COLORADO, USA — One day after the CDC officially recommended Pfizer's COVID19 vaccines for children ages 5-11, some of the youngest Coloradans rolled up their sleeves for the shot.
Wednesday afternoon, National Jewish Health hosted a vaccine event and about 50 kids got their first shots.
“That shot was really easy,” said nine-year old Devan Raychaudhuri. “Yeah, barely hurt at all.”
Devan volunteered to go first so his little brother, six-year old Dylan, could see how easy the process was.
“So that I could show Dylan it’s not a big deal, that he can do it,” he said.
“They did awesome. They were so brave,” said the boys’ father, Uttiyo Raychaudhuri. “They were looking forward to this.”
Raychaudhuri said his family just moved to Denver from New York last year, meaning his kids had to learn a new school system and social situation during the pandemic, with all the pandemic restrictions. He credited his boys for their resilience, and said having the kids vaccinated will mean more opportunities in their new hometown moving forward.
“For us, it's maybe going to mean we can travel. Maybe we can see friends. I’ll feel a lot more confident when they go to school,” he said.
For 10-year old David Battistelli, the shot was quick and easy. For his mom, Paula, it came with instant relief.
“He has a preexisting condition, he has asthma,” she said. “So he comes [to National Jewish Health] often.”
“I’m a walking cootie machine!” David added, for laughs.
Battistelli said, like other families with higher risk, her family had to make difficult choices during the pandemic to keep David safe. Once he’s fully vaccinated, she’s looking forward to fewer limitations.
“We’ll actually be able to take a breath and see some family, and we won’t have to worry about potential hospital visits because of COVID 19.”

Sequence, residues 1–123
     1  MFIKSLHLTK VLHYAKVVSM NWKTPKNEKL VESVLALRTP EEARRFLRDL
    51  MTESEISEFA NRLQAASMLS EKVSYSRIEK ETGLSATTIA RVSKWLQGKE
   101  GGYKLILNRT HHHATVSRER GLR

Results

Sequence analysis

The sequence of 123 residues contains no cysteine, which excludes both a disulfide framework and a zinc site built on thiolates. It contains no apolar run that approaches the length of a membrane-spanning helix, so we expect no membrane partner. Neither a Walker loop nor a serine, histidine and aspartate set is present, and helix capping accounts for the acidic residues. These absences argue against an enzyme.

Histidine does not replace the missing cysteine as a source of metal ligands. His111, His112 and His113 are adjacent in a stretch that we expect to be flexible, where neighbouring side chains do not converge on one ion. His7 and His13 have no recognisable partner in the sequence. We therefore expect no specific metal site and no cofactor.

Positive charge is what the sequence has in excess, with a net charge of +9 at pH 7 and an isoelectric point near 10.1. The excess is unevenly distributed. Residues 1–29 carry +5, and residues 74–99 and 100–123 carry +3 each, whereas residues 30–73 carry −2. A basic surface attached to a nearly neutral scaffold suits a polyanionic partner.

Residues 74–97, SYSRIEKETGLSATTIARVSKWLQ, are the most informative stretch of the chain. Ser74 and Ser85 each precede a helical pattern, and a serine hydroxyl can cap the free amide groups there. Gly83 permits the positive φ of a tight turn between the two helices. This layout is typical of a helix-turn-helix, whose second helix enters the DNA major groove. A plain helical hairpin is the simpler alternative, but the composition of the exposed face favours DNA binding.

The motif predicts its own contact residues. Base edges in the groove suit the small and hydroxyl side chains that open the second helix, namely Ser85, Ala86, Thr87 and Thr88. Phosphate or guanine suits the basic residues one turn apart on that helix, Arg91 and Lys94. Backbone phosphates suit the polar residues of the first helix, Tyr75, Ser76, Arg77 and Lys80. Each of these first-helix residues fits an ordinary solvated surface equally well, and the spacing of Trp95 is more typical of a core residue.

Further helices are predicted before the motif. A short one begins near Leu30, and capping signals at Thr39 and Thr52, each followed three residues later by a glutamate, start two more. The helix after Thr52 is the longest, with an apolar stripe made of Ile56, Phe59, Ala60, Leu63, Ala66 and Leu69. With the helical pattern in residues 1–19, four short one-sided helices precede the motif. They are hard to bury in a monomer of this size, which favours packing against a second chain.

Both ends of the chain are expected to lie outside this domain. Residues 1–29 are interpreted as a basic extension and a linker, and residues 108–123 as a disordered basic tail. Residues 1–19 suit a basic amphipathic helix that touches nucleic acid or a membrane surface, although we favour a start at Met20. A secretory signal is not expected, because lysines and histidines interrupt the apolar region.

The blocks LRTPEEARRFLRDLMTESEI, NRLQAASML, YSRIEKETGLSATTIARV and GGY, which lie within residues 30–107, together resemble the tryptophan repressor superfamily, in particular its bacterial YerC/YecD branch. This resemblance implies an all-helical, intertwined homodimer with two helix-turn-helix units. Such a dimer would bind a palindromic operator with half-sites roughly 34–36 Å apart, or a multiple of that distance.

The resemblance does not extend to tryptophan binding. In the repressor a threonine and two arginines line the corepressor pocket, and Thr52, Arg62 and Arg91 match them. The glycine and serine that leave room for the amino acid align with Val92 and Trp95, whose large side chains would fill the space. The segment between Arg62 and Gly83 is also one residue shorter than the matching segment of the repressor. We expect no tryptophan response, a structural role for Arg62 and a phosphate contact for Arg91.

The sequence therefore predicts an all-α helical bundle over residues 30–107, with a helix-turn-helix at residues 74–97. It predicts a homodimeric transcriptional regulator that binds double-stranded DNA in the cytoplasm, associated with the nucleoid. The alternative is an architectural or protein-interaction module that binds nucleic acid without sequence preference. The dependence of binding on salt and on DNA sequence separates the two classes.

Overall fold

State and local health leaders expect the child vaccine rollout to look different than adults, and are looking to make the experience more family-friendly.
At National Jewish Health, children were taken into private rooms with their parents to receive a shot. The hospital had child-life specialists on hand to help distract or calm children when they became scared or overwhelmed. All the children were taken to a toy box after their shot to pick out an item to take home with them.
“We met and thought about it,” said Dr. Hara Levy, division head of pediatric pulmonology at the hospital. “We want to make them feel comfortable and ease them into the process.”
She added, “We have been anxiously awaiting this milestone. We felt like kids have sort of been in the back of the line. It’s nice to see them finally approve the vaccine for their age group.”
Trish Raque brought her two sons, Asher, 10, and Auden, 8, for their vaccine shots on Wednesday. Asher has down syndrome, which puts him at higher risk of severe illness for COVID19.
“When I signed on to get appointment, I cheered,” Raque said. “Like getting concert tickets to the biggest concert of my life.”
Like other parents, she described feeling “relieved” with her son's vaccinations.
“We’ve tried to take every measure we could to keep him safe. Thinking about everything I’m doing, his dad is doing, the risk of possibly bring [the virus] home to him. Its just been something that’s in the forefront of our mind,” she said. “Every decision has been about, ‘What is the risk level inherent in that activity?’”
“I think it’s just – I’ll sleep a little bit better [now].”
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